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D. staphisagria

Growing History:An illustrated revision of an article written by David Bassett for "Delphiniums 98", the YearBook of the Delphinium Society


A quick look at books about delphiniums shows that many begin by referring to the recognition by the ancient Greeks of the dolphin-like appearance of the unopened flower. The next sentence then introduces Delphinium staphisagria and mentions the almost magical properties of its poisonous seeds as herbal medicine or pesticide. To most gardeners, however, this plant remains just part of Greek mythology, rather than a living representative of the flora of Greece. D. staphisagria thus represents a challenge but in 1997 I succeeded in growing it to flower.

Seed of D. staphisagria, which is a biennial, is seldom available and my first attempts to grow it some years ago were with seed Shirley obtained via seed exchanges between Botanical Gardens and Universities. This time we bought seed listed by the Archibalds, which had been collected from plants growing among open scrub at 750m at Anapoli, Crete. The plant name refers to the resemblance of the leaves to a grape or 'wild raisin' but you could be forgiven for thinking it was the large seeds that looked like raisins. They should certainly not be kept in the cupboard with your dried fruit! The average size for the long axis of 32 seeds was 6.2 mm and the average width across the seeds was 5.2 mm. The seeds are angular with flat facets and a rough, ridged dark brown skin.

The first step is to germinate the seeds, so we tried several methods. I chitted 10 seeds on wet paper towel in a box on a propagator at 22ºC. Shirley put her 10 seeds on wet paper towel in a box that went into the fridge for a cold, wet soak before keeping them at room temperature. In view of the hard skins, I chipped 5 seeds as is often done for seeds of sweet peas . After 16 days, there was great joy because one chipped seed had put out a root. That was in February, but it was to be the only germination until after I abandoned chitting and sowed the remaining 9 seeds in the garden in early May. Four weeks later, after some warm weather and occasional rain, three more seedlings germinated and grew to plants that flowered in September.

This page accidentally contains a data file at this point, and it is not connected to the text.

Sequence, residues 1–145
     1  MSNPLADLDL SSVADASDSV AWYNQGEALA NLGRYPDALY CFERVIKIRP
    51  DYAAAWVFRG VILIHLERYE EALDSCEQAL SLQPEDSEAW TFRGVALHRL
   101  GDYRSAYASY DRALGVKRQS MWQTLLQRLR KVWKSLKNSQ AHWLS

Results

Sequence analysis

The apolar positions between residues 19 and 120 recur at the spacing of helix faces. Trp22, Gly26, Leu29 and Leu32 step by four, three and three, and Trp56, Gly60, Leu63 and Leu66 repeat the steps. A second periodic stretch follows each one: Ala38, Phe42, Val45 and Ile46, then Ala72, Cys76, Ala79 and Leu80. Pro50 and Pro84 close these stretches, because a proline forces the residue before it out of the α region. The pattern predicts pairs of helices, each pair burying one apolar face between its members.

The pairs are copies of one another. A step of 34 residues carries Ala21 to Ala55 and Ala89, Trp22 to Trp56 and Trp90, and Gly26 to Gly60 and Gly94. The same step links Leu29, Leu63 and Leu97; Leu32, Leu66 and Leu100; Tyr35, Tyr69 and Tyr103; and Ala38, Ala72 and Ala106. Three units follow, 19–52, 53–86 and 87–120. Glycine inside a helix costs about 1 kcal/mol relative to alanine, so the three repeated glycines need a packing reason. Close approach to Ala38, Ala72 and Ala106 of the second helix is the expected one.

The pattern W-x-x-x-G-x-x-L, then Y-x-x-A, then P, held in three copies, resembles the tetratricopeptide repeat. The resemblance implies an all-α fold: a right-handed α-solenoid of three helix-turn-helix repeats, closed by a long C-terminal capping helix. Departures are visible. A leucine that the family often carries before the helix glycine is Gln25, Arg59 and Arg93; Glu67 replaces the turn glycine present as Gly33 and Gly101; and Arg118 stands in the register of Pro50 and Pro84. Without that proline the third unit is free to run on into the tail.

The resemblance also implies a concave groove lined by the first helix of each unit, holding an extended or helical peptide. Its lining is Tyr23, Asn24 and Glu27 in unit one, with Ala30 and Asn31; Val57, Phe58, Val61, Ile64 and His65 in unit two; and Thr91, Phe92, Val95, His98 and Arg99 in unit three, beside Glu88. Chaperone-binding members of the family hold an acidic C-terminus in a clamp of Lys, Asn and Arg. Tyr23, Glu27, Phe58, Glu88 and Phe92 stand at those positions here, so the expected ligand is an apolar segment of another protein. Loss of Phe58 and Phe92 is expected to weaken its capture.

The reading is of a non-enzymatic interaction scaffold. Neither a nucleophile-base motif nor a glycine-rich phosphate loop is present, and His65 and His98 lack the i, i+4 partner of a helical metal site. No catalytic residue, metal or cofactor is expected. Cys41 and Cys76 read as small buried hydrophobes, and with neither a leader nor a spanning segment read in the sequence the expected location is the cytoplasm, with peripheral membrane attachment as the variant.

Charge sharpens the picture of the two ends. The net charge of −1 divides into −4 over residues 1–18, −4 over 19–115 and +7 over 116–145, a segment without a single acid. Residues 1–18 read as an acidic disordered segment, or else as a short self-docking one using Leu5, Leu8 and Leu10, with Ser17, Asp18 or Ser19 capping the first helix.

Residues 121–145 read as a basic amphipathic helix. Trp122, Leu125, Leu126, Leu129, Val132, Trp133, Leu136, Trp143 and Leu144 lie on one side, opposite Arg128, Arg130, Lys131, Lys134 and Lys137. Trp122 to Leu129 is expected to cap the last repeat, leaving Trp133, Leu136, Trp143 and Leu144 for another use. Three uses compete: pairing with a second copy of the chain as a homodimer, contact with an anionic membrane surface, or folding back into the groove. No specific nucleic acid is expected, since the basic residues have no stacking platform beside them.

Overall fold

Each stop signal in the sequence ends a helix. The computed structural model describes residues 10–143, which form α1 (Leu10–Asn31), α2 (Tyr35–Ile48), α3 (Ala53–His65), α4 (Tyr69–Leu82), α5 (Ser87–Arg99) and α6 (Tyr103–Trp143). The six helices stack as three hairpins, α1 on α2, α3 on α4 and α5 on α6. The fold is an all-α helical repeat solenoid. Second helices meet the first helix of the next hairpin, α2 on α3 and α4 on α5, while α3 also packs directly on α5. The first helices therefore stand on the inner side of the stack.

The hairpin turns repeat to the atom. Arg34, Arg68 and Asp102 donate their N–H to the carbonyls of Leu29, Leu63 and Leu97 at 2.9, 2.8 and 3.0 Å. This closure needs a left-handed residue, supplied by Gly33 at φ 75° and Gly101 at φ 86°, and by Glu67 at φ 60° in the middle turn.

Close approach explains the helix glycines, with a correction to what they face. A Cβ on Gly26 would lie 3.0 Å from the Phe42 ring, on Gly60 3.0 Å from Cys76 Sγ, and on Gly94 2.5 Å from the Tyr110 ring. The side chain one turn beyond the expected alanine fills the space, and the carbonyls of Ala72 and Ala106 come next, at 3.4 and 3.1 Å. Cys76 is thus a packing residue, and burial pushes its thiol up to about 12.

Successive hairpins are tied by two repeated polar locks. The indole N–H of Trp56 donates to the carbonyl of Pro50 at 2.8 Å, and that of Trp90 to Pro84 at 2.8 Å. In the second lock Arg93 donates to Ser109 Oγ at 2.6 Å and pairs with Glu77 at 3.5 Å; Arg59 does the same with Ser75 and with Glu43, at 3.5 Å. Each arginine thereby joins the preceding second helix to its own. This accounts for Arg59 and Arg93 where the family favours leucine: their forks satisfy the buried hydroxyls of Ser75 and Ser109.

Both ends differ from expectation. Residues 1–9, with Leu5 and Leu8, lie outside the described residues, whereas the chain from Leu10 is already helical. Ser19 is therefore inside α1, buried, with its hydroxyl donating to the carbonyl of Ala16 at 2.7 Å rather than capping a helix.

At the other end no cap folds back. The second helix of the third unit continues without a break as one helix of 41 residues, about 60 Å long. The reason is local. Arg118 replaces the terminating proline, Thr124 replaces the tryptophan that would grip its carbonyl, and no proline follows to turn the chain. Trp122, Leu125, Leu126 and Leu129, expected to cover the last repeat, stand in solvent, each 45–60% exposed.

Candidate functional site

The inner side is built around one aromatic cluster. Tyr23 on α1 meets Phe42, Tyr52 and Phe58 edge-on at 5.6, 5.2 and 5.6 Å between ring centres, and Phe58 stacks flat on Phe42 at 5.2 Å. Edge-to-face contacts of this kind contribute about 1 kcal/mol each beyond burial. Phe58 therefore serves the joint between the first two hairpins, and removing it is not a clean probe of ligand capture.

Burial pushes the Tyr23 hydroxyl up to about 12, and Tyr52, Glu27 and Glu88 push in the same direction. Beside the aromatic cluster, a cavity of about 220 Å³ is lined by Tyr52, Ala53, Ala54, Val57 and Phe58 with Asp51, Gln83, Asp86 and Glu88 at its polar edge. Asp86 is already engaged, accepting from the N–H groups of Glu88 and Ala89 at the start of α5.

Obviously, we are unable to provide a more reliable recipe for germination of this species than commiting the seeds to the care of mother nature.

The first germinated seed was sown in a small pot of compost and quickly grew to 'world record' size for a delphinium seedling, measuring 7cm (2.75in) across the cotyledons. Growth from then on was uneventful, producing a rather lush plant with a hairy stem, fairly similar to the closely related biennial species D. requienii but without the glossy surface to the leaves. Unlike D. requienii, the foliage has no offensive odour, even if crushed. The flower spike emerged by early July and the flowers opened after another two weeks.

The bloom is a very loosely-packed, tapered raceme with quite small individual florets (40 mm diam.) held on stiff pedicels (90 mm long at base of bloom) with a bract and a pair of bracteoles right at the base. The bloom was 50cm long with 27 florets and the blooms of the later plants were of similar size, giving plants with a total height of 1.2m (4 ft). A notable feature of the floret is that the spur is little more than a nob on the back and is far shorter than for the smaller flowers of D. requieni.